Study Suggests Benefits of Medical Home Model Tailored for Homeless Veterans Versus Standard Primary Care
In 2012, select VA facilities implemented a homeless-tailored medical home model (H-PACT) to enhance access to care, address the social determinants of health, and facilitate housing placement for Veterans who are homeless or at risk for homelessness. This study examined whether H-PACT offers a better patient experience than standard VA primary care. Participants included homeless experienced Veterans enrolled in H-PACT (n=251) or standard primary care in facilities with H-PACT among their services (n=1,527) and in VA facilities without any H-PACT (n=10,079). Investigators examined positive patient experiences, as reported in VA's 2014-2015 mailed Survey of Healthcare Experiences of Patients (SHEP), in eight domains: access, communication, office staff, comprehensiveness, shared decision-making, self-management support, care coordination, and rating of providers.
- Veterans empaneled in H-PACT were more likely than those receiving standard primary care in the same facilities to report positive experiences with access, communication, office staff, provider ratings, and comprehensiveness.
- Veterans receiving standard care in facilities with H-PACT among their services were more likely than Veterans from facilities without H-PACT to report positive experiences with communication and self-management support.
- Patient-centered medical homes that are designed to address the social determinants of health offer a better care experience for homeless Veterans than standard primary care approaches.
- The lessons learned from H-PACT can be scaled throughout VA and form the basis for caring for vulnerable patients in other healthcare settings.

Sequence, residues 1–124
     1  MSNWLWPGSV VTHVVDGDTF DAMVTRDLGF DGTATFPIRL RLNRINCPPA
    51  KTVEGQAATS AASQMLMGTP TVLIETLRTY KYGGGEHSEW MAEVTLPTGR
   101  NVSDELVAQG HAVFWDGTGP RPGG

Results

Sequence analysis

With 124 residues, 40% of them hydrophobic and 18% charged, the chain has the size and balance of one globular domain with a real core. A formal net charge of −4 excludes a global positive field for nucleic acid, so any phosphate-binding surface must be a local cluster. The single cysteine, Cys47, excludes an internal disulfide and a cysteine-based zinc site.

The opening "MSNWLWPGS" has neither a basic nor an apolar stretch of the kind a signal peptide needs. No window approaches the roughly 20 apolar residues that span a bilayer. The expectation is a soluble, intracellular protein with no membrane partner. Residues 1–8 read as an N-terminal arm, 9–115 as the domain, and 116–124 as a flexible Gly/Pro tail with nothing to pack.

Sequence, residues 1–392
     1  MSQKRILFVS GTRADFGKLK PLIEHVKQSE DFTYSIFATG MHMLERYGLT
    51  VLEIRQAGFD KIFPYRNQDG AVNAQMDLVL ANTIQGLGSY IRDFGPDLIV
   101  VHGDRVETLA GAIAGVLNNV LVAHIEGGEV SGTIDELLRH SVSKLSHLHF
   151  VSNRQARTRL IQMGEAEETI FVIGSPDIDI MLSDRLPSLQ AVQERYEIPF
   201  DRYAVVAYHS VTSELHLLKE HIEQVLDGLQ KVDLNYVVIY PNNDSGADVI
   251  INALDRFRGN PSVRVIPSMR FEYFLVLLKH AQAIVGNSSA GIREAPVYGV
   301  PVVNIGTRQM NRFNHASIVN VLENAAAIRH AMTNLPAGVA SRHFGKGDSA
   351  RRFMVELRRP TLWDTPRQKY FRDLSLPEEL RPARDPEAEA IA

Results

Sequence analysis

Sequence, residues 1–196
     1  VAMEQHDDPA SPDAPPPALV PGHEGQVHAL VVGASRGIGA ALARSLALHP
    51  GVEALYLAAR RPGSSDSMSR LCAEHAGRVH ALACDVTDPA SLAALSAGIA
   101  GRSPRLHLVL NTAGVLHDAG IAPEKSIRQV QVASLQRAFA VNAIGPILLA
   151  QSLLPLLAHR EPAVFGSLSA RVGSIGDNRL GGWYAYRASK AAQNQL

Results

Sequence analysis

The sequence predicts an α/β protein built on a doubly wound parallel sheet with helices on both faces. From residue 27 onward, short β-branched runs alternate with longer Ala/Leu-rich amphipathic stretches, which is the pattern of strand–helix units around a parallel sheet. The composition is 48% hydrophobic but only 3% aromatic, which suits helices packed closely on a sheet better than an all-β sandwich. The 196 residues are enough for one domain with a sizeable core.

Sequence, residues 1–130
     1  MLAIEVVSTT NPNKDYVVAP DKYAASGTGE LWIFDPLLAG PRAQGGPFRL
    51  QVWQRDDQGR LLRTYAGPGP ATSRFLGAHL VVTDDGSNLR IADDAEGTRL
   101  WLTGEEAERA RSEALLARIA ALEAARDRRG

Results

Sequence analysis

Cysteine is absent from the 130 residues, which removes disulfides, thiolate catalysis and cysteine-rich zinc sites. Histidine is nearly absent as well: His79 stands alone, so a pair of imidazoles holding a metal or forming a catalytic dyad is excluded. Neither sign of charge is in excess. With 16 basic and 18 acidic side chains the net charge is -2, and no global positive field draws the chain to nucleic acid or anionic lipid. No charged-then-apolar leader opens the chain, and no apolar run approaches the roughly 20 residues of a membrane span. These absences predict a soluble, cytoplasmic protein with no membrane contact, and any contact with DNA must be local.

- Study estimates of positive care experiences could be optimistic if survey response was lower in Veterans with current (as opposed to prior) homelessness, and if current homelessness was associated with worse primary care experience reporting.
- The study measure of patient experience did not assess homeless-specific concerns and service needs, i.e., stigma related to homelessness and assistance in obtaining food, shelter, or clothing.
This research was supported in part by the VA National Center on Homelessness Among Veterans and HSR&D (IIR 15-095 and IIR 12-084). Authors Jones, Gordon, Gundlapalli, Pettey, and Suo are part of HSR&D's Informatics, Decision-Enhancement and Analytic Sciences Center, Salt Lake City, UT. Drs. Hausmann, Cashy, and Mor are part of HSR&D's Center for Health Equity Research & Promotion in Pittsburgh and Philadelphia. Dr. Kertesz is with the Birmingham VA Medical Center.
Jones A, Hausmann L, Kertesz S, Suo Y, Cashy J, Mor M, Pettey W, Schaefer J, Gordon A and Gundlapalli A. Providing Positive Primary Care Experiences for Homeless Veterans through Tailored Medical Homes: The Veterans Health Administration’s Homeless Patient Aligned Care Teams. Medical Care. April 2019;57(4):270-78.